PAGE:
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« Hadley numbers | Main | Property law »

The Hadley Agenda

The scientists at the Met Office's Hadley Centre, have discovered an error in the way they calculate the global temperature. Up until now, the smoothed data for a given year has been based upon those months' data which is available - so the 2007 trend, as reported in February 2007, was based on data for January and February of that year. At the time, this gave an sharply rising temperature trend, which was rather convenient for the IPCC Working Group I which was meeting at the time, enabling all and sundry to conclude that we were all doomed.

Roll forward to 2008 and the data for January and February 2008 show temperatures falling at an equally startling rate.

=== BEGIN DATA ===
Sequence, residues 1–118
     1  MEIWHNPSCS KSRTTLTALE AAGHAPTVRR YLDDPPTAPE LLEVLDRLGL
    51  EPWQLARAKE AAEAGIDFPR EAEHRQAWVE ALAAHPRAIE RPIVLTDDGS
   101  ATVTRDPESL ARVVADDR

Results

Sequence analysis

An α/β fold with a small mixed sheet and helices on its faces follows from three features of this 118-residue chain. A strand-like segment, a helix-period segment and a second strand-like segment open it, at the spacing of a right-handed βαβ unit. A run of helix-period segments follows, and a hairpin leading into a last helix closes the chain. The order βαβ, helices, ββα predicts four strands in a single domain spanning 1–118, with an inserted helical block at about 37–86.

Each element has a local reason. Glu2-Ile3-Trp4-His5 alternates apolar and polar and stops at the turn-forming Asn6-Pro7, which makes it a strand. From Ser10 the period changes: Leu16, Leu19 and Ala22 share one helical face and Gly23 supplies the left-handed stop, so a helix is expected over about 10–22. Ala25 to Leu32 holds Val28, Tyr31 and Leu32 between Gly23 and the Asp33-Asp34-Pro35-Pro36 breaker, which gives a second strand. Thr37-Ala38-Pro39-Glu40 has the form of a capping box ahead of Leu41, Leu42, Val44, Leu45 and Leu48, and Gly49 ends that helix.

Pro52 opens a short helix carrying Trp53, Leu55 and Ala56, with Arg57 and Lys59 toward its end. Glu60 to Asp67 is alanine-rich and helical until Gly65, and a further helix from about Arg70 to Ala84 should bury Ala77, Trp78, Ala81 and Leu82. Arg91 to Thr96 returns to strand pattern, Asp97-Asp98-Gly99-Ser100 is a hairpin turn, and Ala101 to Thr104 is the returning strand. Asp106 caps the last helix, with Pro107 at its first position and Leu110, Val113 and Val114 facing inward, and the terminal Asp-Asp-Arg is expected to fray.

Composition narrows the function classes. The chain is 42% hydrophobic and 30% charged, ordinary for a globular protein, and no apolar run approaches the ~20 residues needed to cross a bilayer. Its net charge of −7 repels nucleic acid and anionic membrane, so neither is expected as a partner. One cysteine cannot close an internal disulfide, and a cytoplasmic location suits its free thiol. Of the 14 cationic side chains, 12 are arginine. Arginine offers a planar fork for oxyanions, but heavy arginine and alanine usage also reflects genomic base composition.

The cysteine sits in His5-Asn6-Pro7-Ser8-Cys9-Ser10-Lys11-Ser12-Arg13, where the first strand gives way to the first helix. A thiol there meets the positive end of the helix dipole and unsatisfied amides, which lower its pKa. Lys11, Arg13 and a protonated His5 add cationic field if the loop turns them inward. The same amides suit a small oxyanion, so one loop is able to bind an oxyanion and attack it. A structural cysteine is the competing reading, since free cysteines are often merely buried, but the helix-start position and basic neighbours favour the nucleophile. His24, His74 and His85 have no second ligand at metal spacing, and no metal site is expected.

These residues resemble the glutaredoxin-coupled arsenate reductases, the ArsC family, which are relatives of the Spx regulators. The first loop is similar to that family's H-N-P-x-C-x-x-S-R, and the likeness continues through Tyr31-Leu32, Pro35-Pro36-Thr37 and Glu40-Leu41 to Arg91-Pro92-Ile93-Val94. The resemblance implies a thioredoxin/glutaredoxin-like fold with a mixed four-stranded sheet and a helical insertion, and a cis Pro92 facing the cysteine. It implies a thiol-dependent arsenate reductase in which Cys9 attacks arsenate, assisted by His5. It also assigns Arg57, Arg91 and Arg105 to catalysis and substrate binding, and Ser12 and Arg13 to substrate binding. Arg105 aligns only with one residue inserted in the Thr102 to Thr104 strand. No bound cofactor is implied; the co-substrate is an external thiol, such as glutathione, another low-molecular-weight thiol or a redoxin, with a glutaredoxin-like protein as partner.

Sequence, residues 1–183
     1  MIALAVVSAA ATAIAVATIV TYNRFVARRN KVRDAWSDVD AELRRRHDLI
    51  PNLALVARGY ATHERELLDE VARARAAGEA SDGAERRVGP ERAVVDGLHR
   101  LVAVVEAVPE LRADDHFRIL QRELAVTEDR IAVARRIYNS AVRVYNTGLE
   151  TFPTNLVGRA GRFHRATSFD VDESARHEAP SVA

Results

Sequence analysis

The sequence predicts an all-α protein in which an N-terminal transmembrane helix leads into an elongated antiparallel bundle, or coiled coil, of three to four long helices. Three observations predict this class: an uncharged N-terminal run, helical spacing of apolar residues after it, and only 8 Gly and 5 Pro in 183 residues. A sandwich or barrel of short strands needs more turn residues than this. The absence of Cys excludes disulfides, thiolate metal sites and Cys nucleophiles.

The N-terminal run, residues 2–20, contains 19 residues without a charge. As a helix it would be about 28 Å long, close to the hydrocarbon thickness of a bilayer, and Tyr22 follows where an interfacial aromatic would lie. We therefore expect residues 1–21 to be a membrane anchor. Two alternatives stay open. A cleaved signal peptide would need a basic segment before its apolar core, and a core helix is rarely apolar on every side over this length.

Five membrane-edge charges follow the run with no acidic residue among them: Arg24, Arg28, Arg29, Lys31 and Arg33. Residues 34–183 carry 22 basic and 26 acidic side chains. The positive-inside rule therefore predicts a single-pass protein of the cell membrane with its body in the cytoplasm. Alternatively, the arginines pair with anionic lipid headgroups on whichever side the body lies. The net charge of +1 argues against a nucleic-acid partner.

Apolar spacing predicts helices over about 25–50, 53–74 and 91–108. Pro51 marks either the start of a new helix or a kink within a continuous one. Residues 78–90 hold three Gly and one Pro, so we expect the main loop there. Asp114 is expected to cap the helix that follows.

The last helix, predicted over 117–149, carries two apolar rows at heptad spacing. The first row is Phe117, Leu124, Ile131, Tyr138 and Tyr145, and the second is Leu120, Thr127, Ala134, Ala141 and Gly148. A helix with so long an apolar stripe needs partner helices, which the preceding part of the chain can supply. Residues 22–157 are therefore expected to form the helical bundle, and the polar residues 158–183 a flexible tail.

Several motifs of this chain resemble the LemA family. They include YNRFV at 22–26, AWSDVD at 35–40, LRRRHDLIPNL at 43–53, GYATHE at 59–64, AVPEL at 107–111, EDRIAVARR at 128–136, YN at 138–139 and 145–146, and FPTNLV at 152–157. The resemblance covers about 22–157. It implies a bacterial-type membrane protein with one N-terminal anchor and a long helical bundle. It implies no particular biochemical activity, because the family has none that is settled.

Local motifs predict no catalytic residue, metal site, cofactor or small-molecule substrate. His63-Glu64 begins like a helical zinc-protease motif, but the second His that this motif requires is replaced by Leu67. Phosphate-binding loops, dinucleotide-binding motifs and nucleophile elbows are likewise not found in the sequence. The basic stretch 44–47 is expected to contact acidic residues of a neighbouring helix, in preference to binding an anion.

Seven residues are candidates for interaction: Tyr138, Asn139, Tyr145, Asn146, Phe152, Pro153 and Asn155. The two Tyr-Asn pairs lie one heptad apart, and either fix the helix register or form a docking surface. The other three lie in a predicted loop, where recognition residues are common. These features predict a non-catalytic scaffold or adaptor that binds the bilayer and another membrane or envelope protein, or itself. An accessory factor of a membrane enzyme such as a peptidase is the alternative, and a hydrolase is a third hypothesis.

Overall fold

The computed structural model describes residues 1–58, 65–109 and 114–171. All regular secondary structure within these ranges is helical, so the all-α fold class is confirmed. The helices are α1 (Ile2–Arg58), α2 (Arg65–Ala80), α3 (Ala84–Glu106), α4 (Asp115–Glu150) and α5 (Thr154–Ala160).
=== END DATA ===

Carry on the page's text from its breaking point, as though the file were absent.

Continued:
And guess what? Suddenly the disinterested scientists at Hadley have discovered that their methodology is all wrong! They're going to change things to eliminate the bias. Well, bully for them!

Isn't it amazing that this indavertent error has gone unnoticed for all these years? Isn't it more amazing still how it only got noticed when temperatures were falling? Someone with a more suspicious mind than me might think these guys had an agenda!

It's amusing also to note that Professor Phil Jones, the head of the Hadley Centre (update: CRU) is a man with an extraordinary reluctance to release his data and code to outsiders, even refusing to acquiesce to requests under the Freedom of Information Act. We can reach our own conclusions as to why he might do this, but for the moment it's salutory to note that, had he adopted a position of openness, this embarrassing error, which surely calls into question his competence to occupy the position of trust he does, might never have happened.

(Updated to fix Jones' affiliation)

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